Vietnam has become an attractive investment destination for multinational organizations, with its most engaging attributes being solid economic growth, low-cost manufacturing, a growing middle class representing a large consumer base, and continued positive legislative reforms.
With improvements being made in stabilizing the VND exchange rate and curbing inflation, the country’s macro-economic environment has achieved a good level of stability in recent years.
Vietnam’s appeal to foreign investors is further boosted by its participation in a number of free trade agreements (FTAs), including both collective FTAs as a member of ASEAN and bilateral FTAs.
However, Vietnam is in strong competition with neighboring countries.
It has to focus on attracting more foreign investment and at the same time stimulate and grow investments from domestic enterprises.
The success of Vietnam in continuing to attract investment from both domestic and foreign enterprises not only depends on economic factors but also on the business environment in general, and how easy or costly it is to do business here.
This is because investors will choose the country that offers them the most favorable conditions and create opportunities for them to make money.
Tax incentives are a common tool used by many countries to attract investment and to route investment into specific prioritized areas.
This also applies to Vietnam, which is providing various tax incentives to both foreign and domestic investors. In this regard, there is a common misconception that foreign investors in Vietnam are offered more preferential tax treatment.
But in fact, Vietnam has a common tax system that applies to both foreign-invested and domestic enterprises.
Tax incentives are granted based on the fulfilment of certain conditions on location, sector, or size, and do not depend on the ownership structure.
Hence, there is a level playing field for foreign-invested and domestic enterprises.
Every investor in Vietnam can study the conditions for tax incentives and structure its business accordingly.
For example, encouraged sectors include education, healthcare, high technology, environmental protection, scientific research, infrastructure development, and computer software manufacturing.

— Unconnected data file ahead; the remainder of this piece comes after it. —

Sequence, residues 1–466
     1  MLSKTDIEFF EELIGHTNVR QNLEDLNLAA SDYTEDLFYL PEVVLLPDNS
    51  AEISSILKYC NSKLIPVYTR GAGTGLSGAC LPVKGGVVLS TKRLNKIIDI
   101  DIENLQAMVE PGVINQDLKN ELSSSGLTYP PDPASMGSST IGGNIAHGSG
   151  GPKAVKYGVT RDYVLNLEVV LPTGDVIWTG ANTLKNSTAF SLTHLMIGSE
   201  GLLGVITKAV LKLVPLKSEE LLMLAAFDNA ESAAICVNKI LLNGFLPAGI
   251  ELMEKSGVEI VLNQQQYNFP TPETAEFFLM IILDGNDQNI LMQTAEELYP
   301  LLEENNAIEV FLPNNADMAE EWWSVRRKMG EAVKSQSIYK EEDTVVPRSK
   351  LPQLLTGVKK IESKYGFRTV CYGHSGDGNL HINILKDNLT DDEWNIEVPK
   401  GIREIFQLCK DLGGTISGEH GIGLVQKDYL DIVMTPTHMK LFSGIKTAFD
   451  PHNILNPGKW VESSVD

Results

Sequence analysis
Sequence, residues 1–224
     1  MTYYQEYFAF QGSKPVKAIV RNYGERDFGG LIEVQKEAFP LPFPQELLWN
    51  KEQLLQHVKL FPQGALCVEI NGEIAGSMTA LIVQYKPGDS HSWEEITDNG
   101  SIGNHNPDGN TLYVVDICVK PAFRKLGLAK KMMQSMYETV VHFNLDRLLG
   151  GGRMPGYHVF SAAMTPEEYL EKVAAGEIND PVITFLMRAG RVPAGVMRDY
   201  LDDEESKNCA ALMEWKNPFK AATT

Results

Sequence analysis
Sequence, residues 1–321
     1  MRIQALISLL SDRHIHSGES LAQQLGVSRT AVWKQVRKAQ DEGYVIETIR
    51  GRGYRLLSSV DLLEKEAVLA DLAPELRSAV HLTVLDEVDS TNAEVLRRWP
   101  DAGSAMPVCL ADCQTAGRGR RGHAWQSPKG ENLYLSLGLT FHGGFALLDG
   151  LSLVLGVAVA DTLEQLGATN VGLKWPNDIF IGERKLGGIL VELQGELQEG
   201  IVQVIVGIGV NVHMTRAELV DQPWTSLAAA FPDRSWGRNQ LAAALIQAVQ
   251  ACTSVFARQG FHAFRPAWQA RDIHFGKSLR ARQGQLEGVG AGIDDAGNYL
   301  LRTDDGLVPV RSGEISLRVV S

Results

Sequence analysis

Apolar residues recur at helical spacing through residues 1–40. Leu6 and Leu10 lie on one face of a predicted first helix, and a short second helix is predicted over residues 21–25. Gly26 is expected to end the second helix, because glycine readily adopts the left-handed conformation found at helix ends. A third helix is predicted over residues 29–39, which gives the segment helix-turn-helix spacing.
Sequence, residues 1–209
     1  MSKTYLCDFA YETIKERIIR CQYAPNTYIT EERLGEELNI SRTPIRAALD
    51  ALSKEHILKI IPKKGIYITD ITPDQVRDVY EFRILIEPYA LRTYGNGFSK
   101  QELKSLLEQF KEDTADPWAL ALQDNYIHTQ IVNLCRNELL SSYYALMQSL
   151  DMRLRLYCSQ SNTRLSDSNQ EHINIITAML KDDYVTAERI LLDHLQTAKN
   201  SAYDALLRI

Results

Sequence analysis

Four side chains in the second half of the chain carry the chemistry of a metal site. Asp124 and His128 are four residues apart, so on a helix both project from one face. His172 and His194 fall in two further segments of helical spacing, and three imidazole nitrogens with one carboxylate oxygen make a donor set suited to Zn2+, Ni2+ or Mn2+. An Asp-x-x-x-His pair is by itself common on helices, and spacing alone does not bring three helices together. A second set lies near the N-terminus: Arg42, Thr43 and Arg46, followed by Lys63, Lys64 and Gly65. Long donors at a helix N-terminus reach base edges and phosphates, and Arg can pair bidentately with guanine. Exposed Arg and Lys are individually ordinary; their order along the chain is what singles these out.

These sectors are generally accessible to all investors, meaning that investors, whether domestic or foreign, can invest in such projects if they have the relevant background and experience.
Also accessible to all investors are tax incentives for large-scale manufacturing projects, which by definition would require a certain minimum amount of employees and capital.
In practice, many of these large-scale manufacturing projects receiving tax incentives have been implemented by big foreign players.
This is, however, not because only foreign investors are eligible to enjoy such tax incentives.
This is more because, up until now, big foreign players have been the ones possessing the need and the capacity to implement such projects.
But there are also quite a number of sizable domestic enterprises that could generally benefit from these tax incentives.
One of the factors that also needs to be considered in the discussion about tax incentives is the impact of such incentives on the State’s tax collections.
Until now, the most high-profile beneficiaries of tax incentives have been large manufacturing companies.
Viewed in isolation, there is a loss in corporate income tax revenue collected from such companies, because the tax amount collected would have been higher if no tax incentives were granted.
However, this view is biased, since it does not consider that these companies contribute indirectly to the collection of other taxes and the growth of the economy in general.
Many of these large manufacturing companies employ thousands of employees with workers paying personal income tax.
Also, their workers buy goods and services for their personal use and this leads to further collection of value added tax and other indirect taxes.
In addition, these enterprises also create indirect jobs and incomes for other companies and businesses.
These, in turn, all pay taxes and contribute to the State budget. These multiple effects on the economy need to be recognized.
Another factor in relation to tax incentives is that tax is only one cost component for investors and it may not be the most important factor for investors when choosing their business location.
Investors generally follow money and if the overall conditions in a country are favorable to do business, investors will continue to invest.
Vietnam has to ensure that it remains attractive for domestic and foreign investors alike and tax incentives can be one of the measures to attract investment and channel investment into strategic and prioritized sectors or locations.
However, tax incentives alone are not enough. Vietnam needs to further improve the business environment and reduce the cost of doing business here in order to be able to compete with other countries in the region.
As a member of the WTO and various other free trade agreements, Vietnam will need to take measures to simplify administrative procedures in areas such as import and export, company establishment, and making tax payments.
With a growing commitment to market-oriented reforms, Vietnam could be on the right track and domestic and foreign investors alike will continue investing here if they feel that Vietnam provides them favorable conditions and opportunities to grow their business.
VN Economic Times